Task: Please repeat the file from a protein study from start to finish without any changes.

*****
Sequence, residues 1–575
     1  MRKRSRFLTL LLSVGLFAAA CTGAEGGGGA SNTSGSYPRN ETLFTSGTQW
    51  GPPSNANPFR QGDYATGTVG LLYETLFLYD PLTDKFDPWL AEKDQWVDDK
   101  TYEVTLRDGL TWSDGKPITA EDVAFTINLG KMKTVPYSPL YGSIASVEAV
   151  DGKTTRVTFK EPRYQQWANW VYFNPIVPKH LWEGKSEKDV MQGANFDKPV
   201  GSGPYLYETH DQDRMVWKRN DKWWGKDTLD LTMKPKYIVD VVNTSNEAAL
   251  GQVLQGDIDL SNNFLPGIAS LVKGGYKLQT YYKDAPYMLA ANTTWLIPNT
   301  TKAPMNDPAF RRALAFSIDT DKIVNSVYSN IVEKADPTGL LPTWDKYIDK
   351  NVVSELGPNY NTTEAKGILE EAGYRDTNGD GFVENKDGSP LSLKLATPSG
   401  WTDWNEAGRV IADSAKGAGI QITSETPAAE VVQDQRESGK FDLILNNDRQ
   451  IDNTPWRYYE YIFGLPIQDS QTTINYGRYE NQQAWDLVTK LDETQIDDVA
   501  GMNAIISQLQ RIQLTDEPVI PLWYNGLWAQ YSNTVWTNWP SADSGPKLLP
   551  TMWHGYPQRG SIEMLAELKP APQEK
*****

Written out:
Sequence, residues 1–575
     1  MRKRSRFLTL LLSVGLFAAA CTGAEGGGGA SNTSGSYPRN ETLFTSGTQW
    51  GPPSNANPFR QGDYATGTVG LLYETLFLYD PLTDKFDPWL AEKDQWVDDK
   101  TYEVTLRDGL TWSDGKPITA EDVAFTINLG KMKTVPYSPL YGSIASVEAV
   151  DGKTTRVTFK EPRYQQWANW VYFNPIVPKH LWEGKSEKDV MQGANFDKPV
   201  GSGPYLYETH DQDRMVWKRN DKWWGKDTLD LTMKPKYIVD VVNTSNEAAL
   251  GQVLQGDIDL SNNFLPGIAS LVKGGYKLQT YYKDAPYMLA ANTTWLIPNT
   301  TKAPMNDPAF RRALAFSIDT DKIVNSVYSN IVEKADPTGL LPTWDKYIDK
   351  NVVSELGPNY NTTEAKGILE EAGYRDTNGD GFVENKDGSP LSLKLATPSG
   401  WTDWNEAGRV IADSAKGAGI QITSETPAAE VVQDQRESGK FDLILNNDRQ
   451  IDNTPWRYYE YIFGLPIQDS QTTINYGRYE NQQAWDLVTK LDETQIDDVA
   501  GMNAIISQLQ RIQLTDEPVI PLWYNGLWAQ YSNTVWTNWP SADSGPKLLP
   551  TMWHGYPQRG SIEMLAELKP APQEK